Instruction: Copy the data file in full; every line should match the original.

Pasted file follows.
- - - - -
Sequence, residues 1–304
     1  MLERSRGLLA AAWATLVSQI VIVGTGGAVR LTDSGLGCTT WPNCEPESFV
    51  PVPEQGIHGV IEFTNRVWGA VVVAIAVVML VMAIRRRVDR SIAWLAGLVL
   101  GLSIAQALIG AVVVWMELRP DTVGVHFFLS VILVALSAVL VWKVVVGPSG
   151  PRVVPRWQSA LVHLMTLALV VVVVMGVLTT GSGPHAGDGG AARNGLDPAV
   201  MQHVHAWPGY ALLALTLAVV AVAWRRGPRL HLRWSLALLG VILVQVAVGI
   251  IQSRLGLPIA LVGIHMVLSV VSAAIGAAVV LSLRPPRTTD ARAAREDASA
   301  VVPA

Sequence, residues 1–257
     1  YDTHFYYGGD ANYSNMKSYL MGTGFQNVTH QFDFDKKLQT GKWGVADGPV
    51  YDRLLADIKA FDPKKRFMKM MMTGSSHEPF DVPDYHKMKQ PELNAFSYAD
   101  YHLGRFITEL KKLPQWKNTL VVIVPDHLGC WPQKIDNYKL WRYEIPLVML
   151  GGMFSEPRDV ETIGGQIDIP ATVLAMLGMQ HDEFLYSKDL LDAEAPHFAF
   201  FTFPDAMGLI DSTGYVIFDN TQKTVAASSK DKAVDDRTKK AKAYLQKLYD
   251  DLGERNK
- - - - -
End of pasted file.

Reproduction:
Sequence, residues 1–304
     1  MLERSRGLLA AAWATLVSQI VIVGTGGAVR LTDSGLGCTT WPNCEPESFV
    51  PVPEQGIHGV IEFTNRVWGA VVVAIAVVML VMAIRRRVDR SIAWLAGLVL
   101  GLSIAQALIG AVVVWMELRP DTVGVHFFLS VILVALSAVL VWKVVVGPSG
   151  PRVVPRWQSA LVHLMTLALV VVVVMGVLTT GSGPHAGDGG AARNGLDPAV
   201  MQHVHAWPGY ALLALTLAVV AVAWRRGPRL HLRWSLALLG VILVQVAVGI
   251  IQSRLGLPIA LVGIHMVLSV VSAAIGAAVV LSLRPPRTTD ARAAREDASA
   301  VVPA

Sequence, residues 1–257
     1  YDTHFYYGGD ANYSNMKSYL MGTGFQNVTH QFDFDKKLQT GKWGVADGPV
    51  YDRLLADIKA FDPKKRFMKM MMTGSSHEPF DVPDYHKMKQ PELNAFSYAD
   101  YHLGRFITEL KKLPQWKNTL VVIVPDHLGC WPQKIDNYKL WRYEIPLVML
   151  GGMFSEPRDV ETIGGQIDIP ATVLAMLGMQ HDEFLYSKDL LDAEAPHFAF
   201  FTFPDAMGLI DSTGYVIFDN TQKTVAASSK DKAVDDRTKK AKAYLQKLYD
   251  DLGERNK